In 2021-2022, coronavirus and public health restrictions continued to impact our customers. Building on the improvements from 2020-21, we continued focussing on appropriate resourcing so that we’re there for customers when they need us, for short or long-term support. This ensured we continued to maintain our high level of service and exceed our target, despite growing numbers of customers accessing support.

In 2021-22, we:

  • Worked with 6,544 new customers in our WaterCare Support program
  • Helped transition 5,989 customers back to mainstream payments after a period of time experiencing hardship.

Key activities over this period:

  • Enabled easier access to cross-sector support options for customers, through the One Stop One Story Hub to help connect people to support across a range of essential services, not just water.
  • Worked closely with recovery agencies and existing partners to share information about support options available to customers in the Dandenong Ranges impacted by a severe weather event in June 2021.
  • Helped customers access over $3 million worth of Utility Relief Grants payments.
  • Increased the capability and capacity of staff who support and service customers, with training in hardship awareness, respectful communication training, resilience and family violence.

Coronavirus changed the way we reach customers

During 2021-22, lockdown restrictions meant our primary communication and engagement channels were predominantly online. This included Council and community networks, financial counsellors and other stakeholders - sharing information, staying in touch and keeping abreast of the emerging issues facing the community. Improving our engagement with culturally and linguistically diverse communities was an important focus.

To raise awareness of the support available, and to improve access this support, we:

  • Presented to community partners, sent newsletters and built connections with new partners through:
    • Participating in a Migrant Information Centre East program to present to community leaders about WaterCare and our family violence support.
    • Ongoing partnerships and programs such as Waterbabies and Leading the Change with Outer East Football Network and Eastern Health.
    • Recommencing in-person engagement at a Bring Your Bills Day with Hume Council.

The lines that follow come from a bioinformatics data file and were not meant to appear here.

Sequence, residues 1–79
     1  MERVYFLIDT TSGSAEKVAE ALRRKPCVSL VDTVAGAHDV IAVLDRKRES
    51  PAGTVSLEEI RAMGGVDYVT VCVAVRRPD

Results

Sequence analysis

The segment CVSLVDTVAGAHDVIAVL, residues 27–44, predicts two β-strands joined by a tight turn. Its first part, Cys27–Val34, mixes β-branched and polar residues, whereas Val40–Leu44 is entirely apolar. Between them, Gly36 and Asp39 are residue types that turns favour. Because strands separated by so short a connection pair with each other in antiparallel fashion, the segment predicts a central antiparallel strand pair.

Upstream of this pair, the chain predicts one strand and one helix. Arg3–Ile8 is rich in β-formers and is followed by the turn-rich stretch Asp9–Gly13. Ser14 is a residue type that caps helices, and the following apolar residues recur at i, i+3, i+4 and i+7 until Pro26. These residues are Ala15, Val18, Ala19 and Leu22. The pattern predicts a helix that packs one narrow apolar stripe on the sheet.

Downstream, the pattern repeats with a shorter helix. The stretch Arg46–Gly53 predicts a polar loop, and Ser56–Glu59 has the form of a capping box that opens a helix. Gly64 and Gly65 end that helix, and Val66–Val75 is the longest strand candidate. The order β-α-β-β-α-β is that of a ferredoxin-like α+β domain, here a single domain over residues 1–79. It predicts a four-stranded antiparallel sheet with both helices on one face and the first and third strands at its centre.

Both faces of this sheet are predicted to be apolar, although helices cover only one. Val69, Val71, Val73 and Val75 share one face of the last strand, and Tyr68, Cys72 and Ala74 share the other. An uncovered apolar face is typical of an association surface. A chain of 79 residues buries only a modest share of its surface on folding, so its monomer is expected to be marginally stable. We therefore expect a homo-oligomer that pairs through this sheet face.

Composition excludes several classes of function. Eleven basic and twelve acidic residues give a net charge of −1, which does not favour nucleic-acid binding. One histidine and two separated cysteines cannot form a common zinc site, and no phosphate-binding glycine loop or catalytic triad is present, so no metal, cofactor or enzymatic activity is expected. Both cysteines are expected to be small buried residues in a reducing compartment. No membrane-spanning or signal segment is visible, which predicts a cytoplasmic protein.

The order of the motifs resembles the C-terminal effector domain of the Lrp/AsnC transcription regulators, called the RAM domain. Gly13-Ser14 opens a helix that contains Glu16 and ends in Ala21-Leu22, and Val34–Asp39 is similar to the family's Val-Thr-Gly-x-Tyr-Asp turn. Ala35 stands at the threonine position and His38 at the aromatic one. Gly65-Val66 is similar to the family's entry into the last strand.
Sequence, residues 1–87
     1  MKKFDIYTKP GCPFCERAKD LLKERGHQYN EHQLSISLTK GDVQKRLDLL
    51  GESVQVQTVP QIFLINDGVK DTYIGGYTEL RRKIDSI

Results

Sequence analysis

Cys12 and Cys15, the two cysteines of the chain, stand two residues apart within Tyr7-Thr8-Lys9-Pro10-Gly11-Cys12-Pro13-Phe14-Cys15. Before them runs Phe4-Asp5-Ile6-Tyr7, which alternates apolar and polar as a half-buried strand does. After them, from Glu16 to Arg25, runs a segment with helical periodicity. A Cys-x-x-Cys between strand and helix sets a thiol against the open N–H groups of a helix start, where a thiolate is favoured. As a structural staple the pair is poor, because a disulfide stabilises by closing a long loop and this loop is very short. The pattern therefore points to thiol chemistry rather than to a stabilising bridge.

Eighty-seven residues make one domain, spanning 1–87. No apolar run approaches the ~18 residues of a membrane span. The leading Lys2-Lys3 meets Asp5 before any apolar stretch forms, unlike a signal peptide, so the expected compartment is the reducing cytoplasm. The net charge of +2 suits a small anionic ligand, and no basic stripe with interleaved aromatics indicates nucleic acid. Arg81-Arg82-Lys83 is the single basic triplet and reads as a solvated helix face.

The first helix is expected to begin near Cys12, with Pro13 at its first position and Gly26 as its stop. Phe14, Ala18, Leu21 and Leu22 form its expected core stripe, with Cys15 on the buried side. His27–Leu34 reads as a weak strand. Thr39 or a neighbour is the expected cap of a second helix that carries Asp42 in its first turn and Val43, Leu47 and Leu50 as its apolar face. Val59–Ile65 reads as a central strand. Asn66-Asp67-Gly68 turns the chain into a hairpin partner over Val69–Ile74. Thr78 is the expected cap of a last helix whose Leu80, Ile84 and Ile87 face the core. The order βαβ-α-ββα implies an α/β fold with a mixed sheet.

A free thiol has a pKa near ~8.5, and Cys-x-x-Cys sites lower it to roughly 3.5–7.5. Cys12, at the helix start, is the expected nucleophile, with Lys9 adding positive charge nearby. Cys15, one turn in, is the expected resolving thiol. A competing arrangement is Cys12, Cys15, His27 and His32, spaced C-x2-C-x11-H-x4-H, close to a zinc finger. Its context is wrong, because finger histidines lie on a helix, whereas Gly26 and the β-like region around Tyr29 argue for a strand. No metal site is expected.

• Proactively contacted over 5,000 customers who may be eligible for a Utility Relief Grant, helping customers access $341,000 in debt relief.
  • Launched a new WaterCare awareness campaign to reach customers who may need access to our support programs. To broaden our reach, we’ve used multiple touchpoints, including social media and have adapted the program for different languages, First Nations audiences and the deaf and hard of hearing community.
  • Connected, through a new pilot partnership with the Olivia Newton John Cancer Wellness & Research Centre, with people experiencing stressful life events which can trigger financial vulnerability.
  • Ran a second round of the Community Water Efficiency program to fund plumbing improvements for local community centres and not-for-profit organisations – saving them money that can otherwise be channelled into supporting community members.
Modern flexible service

Target: 86% of customers are satisfied with their most recent interaction
Result: 88% achieved

We’re committed to providing the best service possible to our customers, creating great experiences, and ensuring customers are satisfied with each interaction they have with us.

Throughout the 2021-22 period, we were able to reduce our costs to serve customers while simultaneously improving the customer experience by investing in digitisation and automation across the customer experience lifecycle.

The customer experience-led improvements we made include:

  • Continuing work on re-designing and improving our online self-service portals for customers and land developers.
  • Launching a pilot for a Chat Bot to handle several routine customer transactions more efficiently.
  • Developing and launching our WaterCare campaign to reach, and offer, tailored financial support services to customers experiencing hardship.
  • Researching and planning accessibility improvements to our website to better meet users’ needs now and into the future.
  • Starting to plan for an accessibility experience audit that will inform our new inclusion policy, practices and standards across all customer experiences.
  • Deepening our understanding of customers’ accessibility needs around digital water meters. We undertook this research as part of our work assessing the viability of rolling out digital meters to customers’ properties in the future.
  • Developing an approach to automate the ongoing measurement of our customers’ experiences. This will set us up to use the latest data analytics and machine learning technology to make better decisions for our customers.
Care for and protect the environment

Target: 46.1% reduction in carbon emissions (cumulative) compared to 2016-17 baseline of 34,083 tonnes CO2e

Result: 46.3% achieved

We’ve pledged to reduce our greenhouse gas emissions (GHG) by 64% by 1 July 2025. This Emissions Reduction Pledge is our response to lessening the impact of our energy intensive core services, which have significant environmental implications.